|Israel Resource Review
||1st September, 2005
Open Sources in the Palestinian
Palestinian Authority Brings
Hamas into Power in Gaza - despite Israeli legal constraints
against assets for Palestinians "involved in
The Palestinian Authority, the PA, has been bringing the Hamas terrorist organization into positions of authority, to formalize the group's influence in the Gaza Strip.
This, despite the fact that Sharon's government had added a specific clause to the final version of the disengagement plan, which was ratified by the Israeli government on June 6th, 2004, after the April 18th version had been rejected by the Likud referendum on May 2nd, 2004. which mandated that all properties from evacuated Israeli communities would be transferred to "a third, international party which will put them to use for the benefit of the Palestinian population that is not involved in terror"
(See the PM Disengagement legislation in English at:
With such a legislated assurance that all assets given over to the PA would not be handed over to any terrorist organization, Prime Minister Sharon was able to win successive Knesset votes and survive numerous suits in the Israel High Court of Justice which challenged the legality of the Disengagement Plan.
Yet open sources in the Palestinian Authority, monitored by the Israeli government, contradict the assurance that Israel's real estate assets would not be handed over to terrorists.
In an interview with the popular "Islam On Line" website, on July 25th, 2005, at
three weeks before the disengagement, Palestinian Authority Foreign Minister Nabil Shaath boasted that
the United Arab Emirates had granted 100 million dollar grant to transform one of the evacuated settlements
into a housing project that would honor suicide bombers and, indeed, provide housing for the children of
Meanwhille, Wafa - Palestinian Official News Agency confirmed on August 24th, 2005
that the Hamas terrorist organization would indeed receive these assets, quoting senior Hamas leader Yunis al-Astal as saying that he had been assured that "The colonies' lands" will indeed be awarded to the "families and relatives of the martyrs (shouhada")", in honor of their suicide bombing attacks against Israel.
At the same time, the Palestinian Authority has raised Hamas's profile in the official media that is tightly controlled by the PA.
Reports in PA newspapers and other official media have highlighted the rising prominence of Hamas and its expanded role in wake of the Israeli withdrawal from the Gaza Strip.
Perhaps the most important step was the PA agreement to share authority with a Hamas in a working committee that was formed together with contained the PA's dominant Fatah Movement. 
That committee was established to monitor the Israeli withdrawal and the Palestinian takeover of areas of the Gaza Strip evacuated by the Jewish state.
The decision was regarded as one of the most important in the PA's new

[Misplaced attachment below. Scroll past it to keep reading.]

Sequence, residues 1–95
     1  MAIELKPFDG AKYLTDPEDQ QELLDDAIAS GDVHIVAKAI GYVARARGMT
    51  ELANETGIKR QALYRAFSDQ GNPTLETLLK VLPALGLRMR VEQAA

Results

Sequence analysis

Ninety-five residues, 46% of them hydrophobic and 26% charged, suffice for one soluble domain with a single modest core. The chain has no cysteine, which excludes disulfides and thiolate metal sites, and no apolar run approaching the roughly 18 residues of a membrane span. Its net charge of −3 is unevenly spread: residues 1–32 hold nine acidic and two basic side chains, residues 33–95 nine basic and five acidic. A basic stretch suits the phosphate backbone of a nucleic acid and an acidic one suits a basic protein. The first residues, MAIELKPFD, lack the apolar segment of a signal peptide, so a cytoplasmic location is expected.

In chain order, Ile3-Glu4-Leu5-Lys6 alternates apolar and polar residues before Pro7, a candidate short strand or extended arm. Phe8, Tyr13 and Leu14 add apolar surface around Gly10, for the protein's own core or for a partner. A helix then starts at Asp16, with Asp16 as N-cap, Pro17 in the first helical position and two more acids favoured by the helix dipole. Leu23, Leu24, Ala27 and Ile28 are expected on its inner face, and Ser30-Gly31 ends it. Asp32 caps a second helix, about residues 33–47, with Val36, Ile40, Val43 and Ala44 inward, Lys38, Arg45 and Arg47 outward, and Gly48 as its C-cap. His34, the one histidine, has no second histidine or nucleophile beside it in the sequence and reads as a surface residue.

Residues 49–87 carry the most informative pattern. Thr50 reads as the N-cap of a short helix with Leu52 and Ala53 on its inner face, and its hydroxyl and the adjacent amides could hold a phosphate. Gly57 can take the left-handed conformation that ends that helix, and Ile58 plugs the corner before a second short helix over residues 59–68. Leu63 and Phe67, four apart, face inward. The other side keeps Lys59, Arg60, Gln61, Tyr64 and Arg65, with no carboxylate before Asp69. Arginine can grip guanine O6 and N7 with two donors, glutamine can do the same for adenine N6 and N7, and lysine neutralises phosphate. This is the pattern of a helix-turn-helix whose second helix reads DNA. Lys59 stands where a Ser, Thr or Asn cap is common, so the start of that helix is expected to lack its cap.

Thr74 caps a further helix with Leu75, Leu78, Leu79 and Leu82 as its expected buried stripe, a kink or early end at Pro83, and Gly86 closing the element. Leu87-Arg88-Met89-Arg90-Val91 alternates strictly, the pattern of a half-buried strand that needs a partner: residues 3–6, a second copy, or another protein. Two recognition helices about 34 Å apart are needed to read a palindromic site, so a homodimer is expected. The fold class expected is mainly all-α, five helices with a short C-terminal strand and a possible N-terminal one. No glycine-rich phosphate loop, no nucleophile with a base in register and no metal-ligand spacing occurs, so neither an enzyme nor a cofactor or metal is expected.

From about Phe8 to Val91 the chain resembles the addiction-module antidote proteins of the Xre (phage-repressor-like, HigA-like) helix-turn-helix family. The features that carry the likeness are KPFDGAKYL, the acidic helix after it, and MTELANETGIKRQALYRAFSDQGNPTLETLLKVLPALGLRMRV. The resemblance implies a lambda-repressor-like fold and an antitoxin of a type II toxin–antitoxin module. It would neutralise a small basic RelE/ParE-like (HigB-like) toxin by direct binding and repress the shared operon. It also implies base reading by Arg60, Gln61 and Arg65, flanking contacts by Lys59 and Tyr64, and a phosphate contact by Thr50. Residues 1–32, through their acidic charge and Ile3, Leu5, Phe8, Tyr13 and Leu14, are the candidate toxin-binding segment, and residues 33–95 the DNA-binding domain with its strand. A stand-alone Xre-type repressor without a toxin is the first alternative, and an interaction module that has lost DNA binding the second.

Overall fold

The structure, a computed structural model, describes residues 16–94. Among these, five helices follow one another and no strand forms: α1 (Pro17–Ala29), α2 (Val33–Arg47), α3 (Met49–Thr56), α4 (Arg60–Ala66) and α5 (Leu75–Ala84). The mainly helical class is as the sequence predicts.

policy of bringing Hamas into power.
This new committee's responsibility is to review all information and all PA plans for the Israeli areas of the Gaza Strip, and to access the $500 million in international funds allocated for development of the area. 
The most telling sign of Hamas's power was not the committee itself. It was where Fatah and Hamas met to decide on the panel. The meeting took place on August 13 at the home of Hamas spokesman and titular leader Mahmoud A-Zahar in Gaza City. 
Al Zahar has become to the Palestinian Authority what Hizbullah secretary-general Hassan Nasrallah is in Lebanon -- the leading non-state actor.
"The Palestinian Authority has the right to administer the land
[evacuated by Israel] after consulting with the committee, which
consists of representatives of the national and Islamic
factions," A-Zahar said.
A-Zahar has become a most important figure in Palestinian politics.
Unlike PA Chairman Mahmoud Abbas, A-Zahar does not occupy a daily
presence in the PA media. But when he appears, A-Zahar's views are given a prominence that rivals none.
PA dailies have been either quoting A-Zahar directly or reprinting the
interviews that he gives to other Arab media.
Perhaps the most important was the interview that A-Zahar gave to the London-based A-Sharq Al Awsat daily on August 18th, as Israel was evicting its citizens out of its settlements.
The interview was reprinted the following day in Al Ayyam, a newspaper
owned by the PA and edited by a leading Fatah operative.
In that interview, A-Zahar outlined Hamas's strategy of maintaining
attacks against Israel until its destruction.
A-Zahar said his movement would seek to destroy the 1993 Oslo Accords between Israel and the Palestine Liberation Organization.
The publication of Hamas's platform in a Fatah-aligned newspaper would have been unthinkable even a year ago.
The Hamas platform declared that the PA had failed in its attempt to force the Islamic movement to end attacks against Israel or surrender Hamas weapons.
A-Zahar said that Interior Minister Nasser Yusef sought to confront Hamas operatives in the United Nations Jabalya refugee camp north of the Gaza City with armored vehicles, "But he quickly realized that he could not resolve the situation through military means," A-Zahar said. "Now, they seek dialogue, which we welcome."
A-Zahar came across in the interview as the leader of Palestinian "Jihad", or holy war.
He stressed that Israel's withdrawal from the Gaza Strip and northern West Bank would influence the Arab and Muslim world. He said the Israeli withdrawal would galvanize the Sunni insurgency in Iraq and the Taliban and Al Qaida campaign in Afghanistan.
A-Zahar said Israel did not choose to withdraw from the Gaza Strip.
Instead, A-Zahar emphasized, Hamas missiles, mortars and boobytrapped tunnel drove the Israeli military out of the area. The message was consistent with that of Abbas who talked of jihad, or holy war, in the struggle against Israel, but had stressed that armed resistance was no longer necessary after the Israeli withdrawal.
"[Hamas] wants to spread the culture of resistance," A-Zahar said in a
reference to suicide strikes. "We will enter the settlements and soil
Israel's dignity with our feet. We will stand on the ruins of the
Israeli settlements and tell our people we have won."
A-Zahar hasn't been the only Hamas official given major publicity in the PA media. Sheik Hassan Yusef, regarded as the leader of Hamas in the West Bank, was given prominence in an interview with Al Hayat Al Jadida, the most ardent of pro-Fatah dailies.
Again, Yusef reiterated the Hamas position that the movement would not surrender its weapons to the PA after the Israeli withdrawal.
Instead, Yusef said the PA, including Abbas, never raised such a demand
in meetings with the movement. The Hamas leader said the two sides